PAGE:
The New Flyer Xcelsior® buses will be in daily operation on a 40-kilometre, two-hour route starting at Winnipeg Richardson International Airport, making its way through the city centre to East Kildonan, and returning to the airport.
The route was chosen because its length, speeds and loads are typical of many central business district routes in Canada and the U.S., and because the Winnipeg Airports Authority permitted New Flyer to install a high-power charging station at the airport – a project that was completed in October 2014.
“We didn’t want an easy route,” says Paul Soubry, New Flyer’s President and Chief Executive Officer. “We encouraged Winnipeg Transit to select a route that would showcase the technological capability of our Xcelsior battery-electric bus in a real life in-service situation that will experience a wide range of weather and traffic conditions.”
The project is a continuing collaboration between New Flyer, the Province of Manitoba, Manitoba Hydro, Mitsubishi Heavy Industries, Red River College and Winnipeg Transit. The project team – which started the effort in May 2011 – received additional assistance in October 2012 when Sustainable Development Technology Canada announced funding of $3.4 million to take the project from prototype to full production and field demonstration, and in 2014 when Manitoba’s Vehicle Technology Centre provided an additional $94,000 for charging station development.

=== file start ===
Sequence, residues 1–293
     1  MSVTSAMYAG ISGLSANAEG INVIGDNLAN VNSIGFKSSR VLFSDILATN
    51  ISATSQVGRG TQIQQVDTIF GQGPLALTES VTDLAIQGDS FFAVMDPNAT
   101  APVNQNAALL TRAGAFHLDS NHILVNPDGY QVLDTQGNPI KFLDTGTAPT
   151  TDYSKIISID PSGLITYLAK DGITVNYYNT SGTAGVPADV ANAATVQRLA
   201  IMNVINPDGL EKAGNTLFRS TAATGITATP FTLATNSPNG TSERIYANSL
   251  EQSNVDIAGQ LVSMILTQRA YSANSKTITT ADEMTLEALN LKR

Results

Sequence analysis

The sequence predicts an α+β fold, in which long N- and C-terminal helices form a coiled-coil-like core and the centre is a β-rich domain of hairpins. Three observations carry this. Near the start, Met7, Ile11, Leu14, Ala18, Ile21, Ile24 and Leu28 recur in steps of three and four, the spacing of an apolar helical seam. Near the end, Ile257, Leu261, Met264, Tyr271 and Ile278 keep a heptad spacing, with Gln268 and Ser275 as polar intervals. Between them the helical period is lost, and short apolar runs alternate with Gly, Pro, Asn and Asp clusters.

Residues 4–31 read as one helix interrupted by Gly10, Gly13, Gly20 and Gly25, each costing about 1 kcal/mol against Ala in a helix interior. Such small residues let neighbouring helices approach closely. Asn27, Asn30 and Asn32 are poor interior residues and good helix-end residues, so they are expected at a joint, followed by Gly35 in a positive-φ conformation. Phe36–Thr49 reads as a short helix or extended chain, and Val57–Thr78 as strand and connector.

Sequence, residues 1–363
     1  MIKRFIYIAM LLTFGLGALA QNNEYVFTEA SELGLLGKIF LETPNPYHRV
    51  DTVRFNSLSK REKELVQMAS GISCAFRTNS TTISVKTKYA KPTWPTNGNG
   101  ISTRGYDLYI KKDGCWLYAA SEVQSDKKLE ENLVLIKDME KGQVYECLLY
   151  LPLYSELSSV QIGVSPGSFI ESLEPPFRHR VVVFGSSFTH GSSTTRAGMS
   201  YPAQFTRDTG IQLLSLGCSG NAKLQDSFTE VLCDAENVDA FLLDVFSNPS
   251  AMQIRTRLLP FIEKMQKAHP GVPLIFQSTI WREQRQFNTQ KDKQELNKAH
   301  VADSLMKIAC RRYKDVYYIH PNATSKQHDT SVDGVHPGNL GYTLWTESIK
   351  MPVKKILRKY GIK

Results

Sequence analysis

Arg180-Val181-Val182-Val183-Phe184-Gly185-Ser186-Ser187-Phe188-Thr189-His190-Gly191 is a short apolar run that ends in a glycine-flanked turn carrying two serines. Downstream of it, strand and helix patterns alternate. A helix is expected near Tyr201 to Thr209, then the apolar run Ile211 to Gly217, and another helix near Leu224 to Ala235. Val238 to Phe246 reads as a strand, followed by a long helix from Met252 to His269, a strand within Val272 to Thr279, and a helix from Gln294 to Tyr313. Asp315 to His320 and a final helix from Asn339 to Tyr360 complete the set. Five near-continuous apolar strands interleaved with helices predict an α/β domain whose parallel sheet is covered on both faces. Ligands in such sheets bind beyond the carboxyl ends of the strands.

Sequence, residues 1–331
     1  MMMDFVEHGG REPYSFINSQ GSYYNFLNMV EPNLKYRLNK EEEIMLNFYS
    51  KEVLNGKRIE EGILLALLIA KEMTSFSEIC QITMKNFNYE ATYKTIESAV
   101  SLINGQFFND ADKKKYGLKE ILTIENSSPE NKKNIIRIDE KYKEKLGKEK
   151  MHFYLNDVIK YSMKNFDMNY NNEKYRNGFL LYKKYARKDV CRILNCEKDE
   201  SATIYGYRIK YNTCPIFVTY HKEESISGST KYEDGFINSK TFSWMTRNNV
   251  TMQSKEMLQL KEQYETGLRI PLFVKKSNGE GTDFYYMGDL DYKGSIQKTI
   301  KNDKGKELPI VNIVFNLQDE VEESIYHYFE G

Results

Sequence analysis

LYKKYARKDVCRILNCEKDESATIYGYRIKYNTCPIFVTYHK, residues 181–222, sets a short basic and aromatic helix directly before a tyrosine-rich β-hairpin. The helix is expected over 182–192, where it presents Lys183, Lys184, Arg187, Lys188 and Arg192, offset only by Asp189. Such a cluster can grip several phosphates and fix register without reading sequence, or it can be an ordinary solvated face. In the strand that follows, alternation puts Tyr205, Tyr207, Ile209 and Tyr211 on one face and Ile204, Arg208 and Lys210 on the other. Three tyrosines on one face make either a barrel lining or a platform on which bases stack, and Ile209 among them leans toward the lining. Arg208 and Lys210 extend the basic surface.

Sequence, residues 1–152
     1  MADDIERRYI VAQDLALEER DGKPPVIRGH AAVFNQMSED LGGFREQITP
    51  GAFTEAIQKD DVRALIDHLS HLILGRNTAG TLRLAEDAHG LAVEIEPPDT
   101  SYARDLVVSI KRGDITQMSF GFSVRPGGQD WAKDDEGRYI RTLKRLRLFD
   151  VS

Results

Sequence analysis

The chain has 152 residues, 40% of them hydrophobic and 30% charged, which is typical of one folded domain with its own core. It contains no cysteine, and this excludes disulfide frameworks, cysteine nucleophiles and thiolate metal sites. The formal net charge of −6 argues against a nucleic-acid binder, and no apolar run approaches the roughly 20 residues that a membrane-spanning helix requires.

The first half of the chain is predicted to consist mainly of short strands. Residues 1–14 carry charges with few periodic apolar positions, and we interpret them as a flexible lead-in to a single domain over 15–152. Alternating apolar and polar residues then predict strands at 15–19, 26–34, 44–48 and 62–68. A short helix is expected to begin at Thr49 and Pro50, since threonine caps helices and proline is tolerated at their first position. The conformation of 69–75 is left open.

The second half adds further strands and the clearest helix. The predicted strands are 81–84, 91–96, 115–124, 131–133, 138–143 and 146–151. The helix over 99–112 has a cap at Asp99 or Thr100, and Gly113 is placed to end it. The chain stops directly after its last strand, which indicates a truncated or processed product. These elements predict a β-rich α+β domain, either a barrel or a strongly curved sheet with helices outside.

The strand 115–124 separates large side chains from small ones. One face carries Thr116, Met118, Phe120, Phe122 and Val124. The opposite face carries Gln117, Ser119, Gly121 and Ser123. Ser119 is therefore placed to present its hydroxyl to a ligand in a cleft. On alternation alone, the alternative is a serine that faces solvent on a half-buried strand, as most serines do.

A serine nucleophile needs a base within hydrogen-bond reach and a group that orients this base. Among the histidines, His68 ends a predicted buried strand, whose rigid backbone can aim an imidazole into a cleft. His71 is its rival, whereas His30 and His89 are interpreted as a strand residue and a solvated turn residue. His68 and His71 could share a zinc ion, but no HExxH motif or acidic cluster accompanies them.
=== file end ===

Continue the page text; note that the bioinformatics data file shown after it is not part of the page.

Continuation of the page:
“This electric bus project is a key element in Manitoba’s Clean Energy Strategy and supports our commitment to reduce greenhouse gas emissions and promote the use of effective, cost-efficient, renewable energy,” said Eric Robinson, Minister responsible for Manitoba Hydro. “Our innovative advancements in clean energy technologies have contributed to our placement as the first in Canada to employ the new, unique on-route rapid charging system, promoting affordable public transportation and electric vehicle knowledge which will create jobs.”